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    drizzle
    drizzle  1 United States
    5 Sep 2012 - 5:40 AM

    Well, right now I have a GE X500 with a 15x optical zoom, and though I like it, it certainly is not the best. I got it so i wouldn't spend too much money and would still be able to experiment with my love of photography. I'm considering investing in a much better camera at some point in the next few months (not now) and usually like to know what i'm planning on getting beforehand. So...

    I've been looking at the Nikon COOLPIX 6510 with a 42x optical zoom and etc (click here to see the camera). Like I said, I'm not planning on investing in it right now (it costs $396, so I'd prefer to wait until I'm 100% positive!), but I like to plan for it and save my money.

    Yes, this is a big jump (that's how I roll) but to me it seems like if it's something I want to pursue then I ought to get something pretty good. I have already bought myself a car and have two jobs, so basically by the end of the month I'd probably have plenty to buy this (though I won't that quickly). But like I said, I don't want to waste my money either... Does anyone have experience with this camera, or do you know of one in the $400-$500 range that may be better?

    Thanks guys =3

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    MattB1987
    MattB1987 e2 Member 2403 forum postsMattB1987 vcard England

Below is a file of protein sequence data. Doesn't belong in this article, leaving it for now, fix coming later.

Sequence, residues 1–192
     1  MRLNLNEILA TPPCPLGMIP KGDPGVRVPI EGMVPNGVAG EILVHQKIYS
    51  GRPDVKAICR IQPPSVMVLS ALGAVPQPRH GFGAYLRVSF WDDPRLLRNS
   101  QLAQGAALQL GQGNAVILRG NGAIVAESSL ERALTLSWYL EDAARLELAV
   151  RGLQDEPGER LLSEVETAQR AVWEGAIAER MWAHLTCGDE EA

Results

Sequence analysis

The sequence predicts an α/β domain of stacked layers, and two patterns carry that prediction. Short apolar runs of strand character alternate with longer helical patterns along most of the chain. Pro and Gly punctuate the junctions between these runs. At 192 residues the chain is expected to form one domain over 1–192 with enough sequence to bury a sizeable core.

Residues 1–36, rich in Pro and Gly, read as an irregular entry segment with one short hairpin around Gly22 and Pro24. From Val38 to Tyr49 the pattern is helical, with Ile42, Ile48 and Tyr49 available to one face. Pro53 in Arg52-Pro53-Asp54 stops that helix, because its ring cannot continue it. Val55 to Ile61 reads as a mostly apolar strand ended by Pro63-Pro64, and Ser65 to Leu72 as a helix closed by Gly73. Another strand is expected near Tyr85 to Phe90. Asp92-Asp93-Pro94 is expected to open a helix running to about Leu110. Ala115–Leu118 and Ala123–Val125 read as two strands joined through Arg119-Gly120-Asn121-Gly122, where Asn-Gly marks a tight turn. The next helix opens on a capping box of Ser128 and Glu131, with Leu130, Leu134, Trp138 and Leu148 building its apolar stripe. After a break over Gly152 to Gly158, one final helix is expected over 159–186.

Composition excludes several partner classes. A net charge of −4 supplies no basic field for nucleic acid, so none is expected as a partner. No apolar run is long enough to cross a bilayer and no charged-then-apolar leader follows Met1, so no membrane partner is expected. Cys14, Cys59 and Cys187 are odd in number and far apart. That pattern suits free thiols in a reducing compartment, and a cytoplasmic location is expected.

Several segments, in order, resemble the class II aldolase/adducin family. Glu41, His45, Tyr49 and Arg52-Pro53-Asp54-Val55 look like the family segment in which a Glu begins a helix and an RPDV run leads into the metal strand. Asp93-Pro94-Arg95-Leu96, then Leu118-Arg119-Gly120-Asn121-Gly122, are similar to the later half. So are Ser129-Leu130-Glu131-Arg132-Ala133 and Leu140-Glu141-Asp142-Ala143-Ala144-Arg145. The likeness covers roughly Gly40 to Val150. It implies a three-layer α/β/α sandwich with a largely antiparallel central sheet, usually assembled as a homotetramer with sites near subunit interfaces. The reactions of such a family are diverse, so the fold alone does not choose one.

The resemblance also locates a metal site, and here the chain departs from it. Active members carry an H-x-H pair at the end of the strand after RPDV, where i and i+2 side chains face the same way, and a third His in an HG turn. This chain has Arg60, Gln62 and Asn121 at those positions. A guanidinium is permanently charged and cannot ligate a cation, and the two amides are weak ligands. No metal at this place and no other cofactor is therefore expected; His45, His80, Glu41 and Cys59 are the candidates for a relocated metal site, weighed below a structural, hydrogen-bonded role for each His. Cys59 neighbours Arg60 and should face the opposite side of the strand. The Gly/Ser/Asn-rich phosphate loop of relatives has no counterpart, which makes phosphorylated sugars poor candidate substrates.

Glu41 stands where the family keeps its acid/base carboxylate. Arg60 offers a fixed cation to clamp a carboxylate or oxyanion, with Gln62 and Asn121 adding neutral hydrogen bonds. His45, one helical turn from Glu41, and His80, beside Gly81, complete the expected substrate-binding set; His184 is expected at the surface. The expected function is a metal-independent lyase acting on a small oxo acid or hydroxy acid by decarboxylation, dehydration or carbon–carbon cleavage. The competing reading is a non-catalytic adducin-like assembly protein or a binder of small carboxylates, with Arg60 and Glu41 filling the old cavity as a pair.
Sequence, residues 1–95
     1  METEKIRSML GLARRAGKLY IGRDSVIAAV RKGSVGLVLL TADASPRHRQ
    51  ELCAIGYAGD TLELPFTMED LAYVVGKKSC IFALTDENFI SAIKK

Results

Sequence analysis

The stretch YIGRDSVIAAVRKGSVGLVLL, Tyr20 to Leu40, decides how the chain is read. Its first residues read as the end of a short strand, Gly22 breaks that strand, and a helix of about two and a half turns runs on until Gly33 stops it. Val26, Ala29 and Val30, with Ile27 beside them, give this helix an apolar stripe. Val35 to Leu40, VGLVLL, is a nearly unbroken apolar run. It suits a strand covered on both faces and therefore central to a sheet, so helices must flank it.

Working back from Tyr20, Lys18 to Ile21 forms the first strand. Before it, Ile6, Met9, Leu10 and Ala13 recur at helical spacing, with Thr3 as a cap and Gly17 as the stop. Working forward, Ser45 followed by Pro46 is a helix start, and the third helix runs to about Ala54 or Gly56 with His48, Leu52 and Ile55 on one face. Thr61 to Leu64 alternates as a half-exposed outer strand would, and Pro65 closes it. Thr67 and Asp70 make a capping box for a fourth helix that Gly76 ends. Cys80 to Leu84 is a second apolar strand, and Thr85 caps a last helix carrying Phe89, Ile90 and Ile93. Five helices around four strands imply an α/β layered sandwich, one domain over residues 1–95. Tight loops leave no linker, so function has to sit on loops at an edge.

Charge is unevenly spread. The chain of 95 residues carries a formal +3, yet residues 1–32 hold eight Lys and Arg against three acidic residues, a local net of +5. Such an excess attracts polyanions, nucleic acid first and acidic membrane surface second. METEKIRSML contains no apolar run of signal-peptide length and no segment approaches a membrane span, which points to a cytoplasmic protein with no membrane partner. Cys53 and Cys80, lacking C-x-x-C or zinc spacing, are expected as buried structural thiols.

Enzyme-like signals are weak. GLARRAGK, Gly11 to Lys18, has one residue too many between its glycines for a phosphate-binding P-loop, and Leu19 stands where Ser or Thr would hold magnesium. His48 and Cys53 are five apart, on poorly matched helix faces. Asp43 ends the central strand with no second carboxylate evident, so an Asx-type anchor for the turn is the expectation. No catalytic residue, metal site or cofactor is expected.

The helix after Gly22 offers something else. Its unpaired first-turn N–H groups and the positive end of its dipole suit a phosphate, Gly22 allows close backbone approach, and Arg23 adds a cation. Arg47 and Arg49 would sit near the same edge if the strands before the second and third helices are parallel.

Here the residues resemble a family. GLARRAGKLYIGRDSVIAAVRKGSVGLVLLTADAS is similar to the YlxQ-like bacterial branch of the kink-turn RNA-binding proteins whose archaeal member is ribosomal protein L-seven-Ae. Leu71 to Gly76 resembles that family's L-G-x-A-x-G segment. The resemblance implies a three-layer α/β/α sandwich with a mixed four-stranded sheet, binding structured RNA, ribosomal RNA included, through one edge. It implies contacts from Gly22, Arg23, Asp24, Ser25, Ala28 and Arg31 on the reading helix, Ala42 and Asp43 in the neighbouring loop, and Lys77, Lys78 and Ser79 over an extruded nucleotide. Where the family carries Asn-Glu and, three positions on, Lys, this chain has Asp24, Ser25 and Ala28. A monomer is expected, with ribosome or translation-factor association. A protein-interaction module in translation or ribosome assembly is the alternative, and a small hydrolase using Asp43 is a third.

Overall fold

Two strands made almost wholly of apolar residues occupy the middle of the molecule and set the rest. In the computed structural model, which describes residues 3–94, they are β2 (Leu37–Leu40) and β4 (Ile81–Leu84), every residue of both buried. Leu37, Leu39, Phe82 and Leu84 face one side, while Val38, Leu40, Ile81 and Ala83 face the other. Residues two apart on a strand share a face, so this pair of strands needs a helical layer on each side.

5 Sep 2012 - 7:07 AM

    Well if I was in your position I would try and get a decent second hand DSLR to begin with, I started of with a second hand Canon 300D which cost me £100 off ebay and done me proud and I was glad I did. I then moved to a newer camera the Nikon D3100 with the kit lens which from the looks of the US Amazon you can pick up for less than $500 which makes it possible for you maybe? It was a very good camera, and the reason I suggest getting a DSLR or possibly a CSC is because once you get more and more into your photography you will almost inevitably want to get one and at least this way you don't have to save up twice! Smile

    From a personal point of view when I got my first DSLR it put me in a different frame of mind, because I had a more serious camera I therefore took taking photos more seriously which led to me getting more into the world of photography and hopefully better at it.

    Hope this helps.

    Matt

    cedled
    cedled  1 Philippines
    5 Sep 2012 - 8:37 AM

    I agree with MattB1987. A Nikon D3100 or or even a D5100 would be a better upgrade than the P510. You can purchase a new lens later if you really need the long zoom.

    Don't get rid of your X500, though. You would probably want something to fall back to when you need to pack light Wink

    ianrobinson
    ianrobinson e2 Member 41106 forum postsianrobinson vcard United Kingdom8 Constructive Critique Points
    5 Sep 2012 - 9:48 AM

    Just be aware when choosing a dslr, it can start getting expensive so the last thing you want to do is choose for example canon, buy some gear for that then decide you want to change to Nikon.
    Nikon and canon are not compatible so therefore be wise and choose wisely.

    I did they very same when i started, i chose to go olympus and brought quite a bit of equipment for it.